The Ormer, Jersey
The Channel Islands inevitably have major differences in their cuisine compared to mainland Britain. Most of those differences are the result of history; but one part of their food culture – the ormer - dear to the hearts of many islanders and which mainlanders cannot match results from a difference of habitat: this large mollusc finds waters north of the Channel Islands too cold for comfort.
The ormer or ear-shell is not just a delicacy in Jersey etc: in California they call it the abalone; in Japan the awabi. Related to the limpet it shares that creature’s rock clinging ability.
Overfishing in the 19th and early 20th centuries led to occasional bans (1924 to 1926 for example); and in 1999 a bacterial attack on the species killed many, but they have recovered sufficiently for the authorities to permit again – subject to stringent rules – the gathering of the haliotis tuberculata (ormer sounds far more enticing). These rules include: no diving or snorkelling for them; no shucking them on the beach; size limits (they grow to maximum 12cm across at the widest part of the shell, and recently 9cm has been the threshold for gathering); no exporting without permission; and most importantly of all perhaps, they may only be collected between January 1 and April 30, on the days of the new and full moon and the two days following each. Do check before considering a foray; and really it’s right to leave it to the locals, for whom this is a tradition.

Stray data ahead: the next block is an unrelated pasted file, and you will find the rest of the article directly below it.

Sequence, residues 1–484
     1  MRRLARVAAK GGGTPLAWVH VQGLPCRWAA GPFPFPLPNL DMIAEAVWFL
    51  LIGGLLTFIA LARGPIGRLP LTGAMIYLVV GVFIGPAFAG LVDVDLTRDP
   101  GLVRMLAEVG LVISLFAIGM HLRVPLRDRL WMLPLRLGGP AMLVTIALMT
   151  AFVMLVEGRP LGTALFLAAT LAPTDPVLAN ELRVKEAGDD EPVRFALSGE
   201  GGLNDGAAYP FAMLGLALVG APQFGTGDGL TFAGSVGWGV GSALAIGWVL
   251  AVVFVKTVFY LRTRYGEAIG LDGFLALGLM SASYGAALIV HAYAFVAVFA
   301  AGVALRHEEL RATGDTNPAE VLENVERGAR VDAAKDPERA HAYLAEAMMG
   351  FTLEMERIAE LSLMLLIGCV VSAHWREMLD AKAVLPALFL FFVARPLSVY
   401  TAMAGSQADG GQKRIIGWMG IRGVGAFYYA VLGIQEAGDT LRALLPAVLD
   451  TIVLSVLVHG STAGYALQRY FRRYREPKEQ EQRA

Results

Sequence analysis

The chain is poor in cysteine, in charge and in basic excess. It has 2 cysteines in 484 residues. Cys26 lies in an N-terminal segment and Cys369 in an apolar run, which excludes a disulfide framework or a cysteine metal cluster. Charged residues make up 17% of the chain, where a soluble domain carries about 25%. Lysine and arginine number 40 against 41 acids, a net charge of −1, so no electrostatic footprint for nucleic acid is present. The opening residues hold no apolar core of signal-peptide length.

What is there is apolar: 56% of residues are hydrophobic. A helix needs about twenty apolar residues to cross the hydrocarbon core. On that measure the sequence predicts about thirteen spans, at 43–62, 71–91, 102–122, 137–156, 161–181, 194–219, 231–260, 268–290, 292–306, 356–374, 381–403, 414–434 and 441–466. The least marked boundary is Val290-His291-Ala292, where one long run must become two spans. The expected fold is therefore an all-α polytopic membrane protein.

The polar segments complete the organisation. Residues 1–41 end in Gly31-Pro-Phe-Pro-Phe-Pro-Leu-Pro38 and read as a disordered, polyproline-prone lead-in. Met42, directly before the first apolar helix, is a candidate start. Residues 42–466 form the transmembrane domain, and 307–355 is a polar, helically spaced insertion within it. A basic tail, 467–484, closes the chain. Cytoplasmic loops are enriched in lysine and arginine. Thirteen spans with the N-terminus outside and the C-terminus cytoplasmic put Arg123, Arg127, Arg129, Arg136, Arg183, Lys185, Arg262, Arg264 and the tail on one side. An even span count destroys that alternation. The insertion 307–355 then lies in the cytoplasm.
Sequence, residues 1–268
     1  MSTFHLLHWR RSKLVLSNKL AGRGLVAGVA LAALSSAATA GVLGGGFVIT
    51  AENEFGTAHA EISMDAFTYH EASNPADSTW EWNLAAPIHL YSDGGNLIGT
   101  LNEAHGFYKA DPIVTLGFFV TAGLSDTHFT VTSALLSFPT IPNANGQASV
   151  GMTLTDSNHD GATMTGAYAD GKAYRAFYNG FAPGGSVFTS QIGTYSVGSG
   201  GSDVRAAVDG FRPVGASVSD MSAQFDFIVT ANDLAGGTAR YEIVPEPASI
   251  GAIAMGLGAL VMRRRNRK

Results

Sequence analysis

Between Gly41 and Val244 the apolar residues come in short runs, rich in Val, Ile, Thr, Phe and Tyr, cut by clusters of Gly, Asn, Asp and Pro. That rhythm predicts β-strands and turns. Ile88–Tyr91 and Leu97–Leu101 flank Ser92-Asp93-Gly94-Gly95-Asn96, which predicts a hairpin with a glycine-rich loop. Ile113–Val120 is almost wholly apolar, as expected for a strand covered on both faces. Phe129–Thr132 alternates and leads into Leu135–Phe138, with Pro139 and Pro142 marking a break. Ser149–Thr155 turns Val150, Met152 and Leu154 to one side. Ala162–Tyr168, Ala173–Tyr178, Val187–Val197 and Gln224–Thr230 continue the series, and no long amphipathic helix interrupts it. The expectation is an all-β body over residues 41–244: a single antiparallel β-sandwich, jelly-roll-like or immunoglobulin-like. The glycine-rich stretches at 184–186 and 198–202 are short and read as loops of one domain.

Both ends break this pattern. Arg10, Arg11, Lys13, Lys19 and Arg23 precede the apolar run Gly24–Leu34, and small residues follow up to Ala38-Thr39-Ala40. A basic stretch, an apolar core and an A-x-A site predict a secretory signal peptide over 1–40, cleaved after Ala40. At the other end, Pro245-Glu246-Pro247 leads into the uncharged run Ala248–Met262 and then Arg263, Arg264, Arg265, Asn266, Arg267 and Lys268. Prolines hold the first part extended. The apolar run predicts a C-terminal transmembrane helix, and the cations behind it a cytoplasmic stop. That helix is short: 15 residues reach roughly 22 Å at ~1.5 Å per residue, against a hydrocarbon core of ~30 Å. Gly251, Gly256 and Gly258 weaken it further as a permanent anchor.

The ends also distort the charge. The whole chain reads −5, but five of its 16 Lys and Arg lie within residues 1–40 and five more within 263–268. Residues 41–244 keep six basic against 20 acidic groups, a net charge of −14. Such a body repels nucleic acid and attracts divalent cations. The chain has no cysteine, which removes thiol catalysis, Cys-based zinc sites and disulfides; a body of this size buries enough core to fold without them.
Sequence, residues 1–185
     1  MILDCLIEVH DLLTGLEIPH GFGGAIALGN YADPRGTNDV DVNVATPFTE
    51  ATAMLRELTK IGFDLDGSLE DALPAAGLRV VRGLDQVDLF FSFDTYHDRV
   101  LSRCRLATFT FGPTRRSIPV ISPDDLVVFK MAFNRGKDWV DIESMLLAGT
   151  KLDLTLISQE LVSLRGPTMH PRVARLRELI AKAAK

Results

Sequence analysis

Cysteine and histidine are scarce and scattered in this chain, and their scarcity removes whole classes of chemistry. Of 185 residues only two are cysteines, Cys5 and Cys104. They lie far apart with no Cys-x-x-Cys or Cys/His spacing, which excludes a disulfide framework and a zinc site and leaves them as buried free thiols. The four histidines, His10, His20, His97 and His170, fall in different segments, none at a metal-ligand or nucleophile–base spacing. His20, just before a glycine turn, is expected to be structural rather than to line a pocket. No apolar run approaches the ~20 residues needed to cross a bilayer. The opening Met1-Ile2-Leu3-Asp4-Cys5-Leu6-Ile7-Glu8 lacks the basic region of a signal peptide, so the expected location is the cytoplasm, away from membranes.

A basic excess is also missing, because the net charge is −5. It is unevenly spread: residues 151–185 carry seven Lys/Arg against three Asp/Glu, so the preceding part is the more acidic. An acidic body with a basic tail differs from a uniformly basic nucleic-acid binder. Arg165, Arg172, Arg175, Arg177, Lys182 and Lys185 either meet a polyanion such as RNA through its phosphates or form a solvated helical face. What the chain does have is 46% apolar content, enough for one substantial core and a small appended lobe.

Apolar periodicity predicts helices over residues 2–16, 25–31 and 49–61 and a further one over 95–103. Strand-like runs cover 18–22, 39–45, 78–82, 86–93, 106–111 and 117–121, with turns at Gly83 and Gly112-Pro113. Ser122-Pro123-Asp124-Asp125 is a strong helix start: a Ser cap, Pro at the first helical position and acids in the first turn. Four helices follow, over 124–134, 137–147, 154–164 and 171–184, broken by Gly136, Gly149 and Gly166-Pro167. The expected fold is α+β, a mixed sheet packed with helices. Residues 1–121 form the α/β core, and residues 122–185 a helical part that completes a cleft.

Islanders take days off to go ormering, getting a soaking and some rock-scrapes into the bargain. It is an expression of heritage. The idea is to get ‘enough for a feed’, which is probably in the form of a stew, for the flesh though delicious is when raw very tough. The ormer is cut from its shell and cleaned of grit; beaten well with a mallet to tenderise; then doused in flour and along with onions (and sometimes bacon) fried in creamy butter. Water, bay leaf and seasoning is then added, and the whole cooked gently for at least three and up to five hours, the meaty and richly gravied result eaten with plain boiled spuds and washed down with white wine or cider.